• Beef Biryani: As the name suggests, the meat in beef biryani is beef. In Hyderabad, it is well-known as Kalyani biryani and is made with either buffalo or cow meat. At some time in the eighteenth century, the Kalyani Nawabs of Bidar visited Hyderabad, and this feast was then started. The Kalyani biryani has little beef shapes, standard flavors, onions, and numerous tomatoes. It has an unmistakable tomato, jeera, and dhania flavor. In Kerala, beef biryani is notable. The Bhatkali biryani is a unique variation where the principal fixing is onion.
    Difference Between Pulao and Biryani
  • Bhatkali/Navayathi Biryani: This dish is a mainstay of Navayath cuisine and a specialty of Bhatkal, a seaside town in Karnataka. Its roots may be linked to the Persian traders who also left behind various kababs and Indian flatbread, and biryani. In Bhatkali biryani, the onion and green chilies serve as the base, on top of which the meat is cooked in a fragrant rice combination. It has a distinct flavor is spicy and strong, and the rice is primarily white with faint orange streaks.
    Difference Between Pulao and Biryani
    This biryani varies from those in Thalassery while tasting identical to them because of the lingering aromas of mashed onions flavored with garlic. Bhatkal biryani has a distinct flavor from a few chilies, spices, and a scattering of curry leaves. Oil is not utilized.
  • Delhi Biryani: The Delhi form of biryani fostered an exceptional neighborhood flavor as the Mughal rulers moved their political funding toward the North Indian city of Delhi. Until the 1950s, the vast majority cooked biryani in their home and seldom ate at restaurants beyond their homes. Consequently, cafés essentially took care of explorers and shippers.
    Difference Between Pulao and Biryani
    Every region of Delhi has its distinct kind of biryani, frequently based on its original function, giving rise to dishes like Nizamuddin biryani and Shahjahanabad biryani, etc. While Nizamuddin biryani was initially intended to be cooked in mass for giving at the Nizamuddin Dargah shrine and afterward to be distributed to worshippers, it often featured little pricey meat and spices. The Babu Shahi Bawarchi shops near the National Sports Club in Delhi gave the non-dum biryani known by its vernacular name, "Babu Shahi biryani," which extensively uses green chilies. A different kind of Delhi biryani is known as achaari biryani and uses achaar (pickles).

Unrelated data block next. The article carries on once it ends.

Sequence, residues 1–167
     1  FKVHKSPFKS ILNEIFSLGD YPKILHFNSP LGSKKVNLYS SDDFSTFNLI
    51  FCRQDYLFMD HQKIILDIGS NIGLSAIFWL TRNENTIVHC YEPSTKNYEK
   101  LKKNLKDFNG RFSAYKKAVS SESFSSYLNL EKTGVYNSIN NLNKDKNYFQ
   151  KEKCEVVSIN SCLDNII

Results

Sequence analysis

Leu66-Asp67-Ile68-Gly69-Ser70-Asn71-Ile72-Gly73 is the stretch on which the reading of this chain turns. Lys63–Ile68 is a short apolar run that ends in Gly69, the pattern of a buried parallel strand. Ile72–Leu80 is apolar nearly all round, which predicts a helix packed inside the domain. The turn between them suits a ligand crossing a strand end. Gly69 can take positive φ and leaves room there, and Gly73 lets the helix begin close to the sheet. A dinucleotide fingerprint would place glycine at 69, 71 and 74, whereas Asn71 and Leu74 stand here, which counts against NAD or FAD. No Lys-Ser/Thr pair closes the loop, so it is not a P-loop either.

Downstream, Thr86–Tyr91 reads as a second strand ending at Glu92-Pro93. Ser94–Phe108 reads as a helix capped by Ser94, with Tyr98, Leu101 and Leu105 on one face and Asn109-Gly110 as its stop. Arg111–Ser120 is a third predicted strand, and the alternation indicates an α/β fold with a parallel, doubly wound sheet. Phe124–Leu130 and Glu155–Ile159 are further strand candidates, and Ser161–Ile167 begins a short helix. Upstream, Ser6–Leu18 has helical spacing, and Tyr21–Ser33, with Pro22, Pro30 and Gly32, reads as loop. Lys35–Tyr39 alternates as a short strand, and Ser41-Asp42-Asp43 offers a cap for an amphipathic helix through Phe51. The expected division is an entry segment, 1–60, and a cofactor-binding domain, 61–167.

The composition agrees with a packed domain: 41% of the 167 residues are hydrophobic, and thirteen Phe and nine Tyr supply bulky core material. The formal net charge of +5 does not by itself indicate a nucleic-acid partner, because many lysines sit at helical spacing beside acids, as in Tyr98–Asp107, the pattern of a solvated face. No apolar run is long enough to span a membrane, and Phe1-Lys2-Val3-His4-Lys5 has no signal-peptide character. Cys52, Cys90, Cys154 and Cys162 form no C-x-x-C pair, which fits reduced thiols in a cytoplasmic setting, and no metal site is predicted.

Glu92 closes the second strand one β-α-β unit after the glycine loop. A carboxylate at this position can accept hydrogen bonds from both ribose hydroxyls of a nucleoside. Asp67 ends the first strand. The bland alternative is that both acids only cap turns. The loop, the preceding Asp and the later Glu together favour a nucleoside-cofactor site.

• Hyderabadi Biryani: The most well-known biryani in India is Hyderabadi, and some people believe that Hyderabad and biryani go hand in hand. Hyderabadi biryani, the emblematic dish of Hyderabadi cuisine, is ascribed to Asaf Jah I, who was initially appointed as the administrator of Deccan by the Mughal Emperor Aurangzeb. Basmati rice, herbs, and spices are used in its preparation. A common substitution for goat meat is chicken. There are other varieties of Hyderabadi biryani, including kachay gosht ki biryani and dum biryani, including goat meat marinated and cooked alongside the rice.
    Difference Between Pulao and Biryani

Key Difference Between Pulao and Biryani

Feature Pulao Biryani
Cooking Method Rice is cooked with the broth/stock and spices together Rice and meat/vegetables are cooked separately and then layered together with spices and garnishes
Meat/vegetables Often includes only one main ingredient, such as vegetables, chicken, or lamb It can include multiple types of meat, vegetables, and sometimes even seafood
Spices Typically mild and subtle, with just a few key spices like cumin and coriander A complex blend of spices, including cinnamon, cardamom, cloves, and more
Color Rice is usually a uniform color Rice is often layered with a mix of colorful spices and ingredients
Garnish Minimal or no garnish Often topped with fried onions, raisins, and nuts
Serving Style Served as a main dish or accompaniment to a curry or other main dish Served as a standalone main dish
Regional Variations Found in many regions, including India, Pakistan, and Bangladesh Often associated with the Hyderabad region of India, but also popular in other parts of South Asia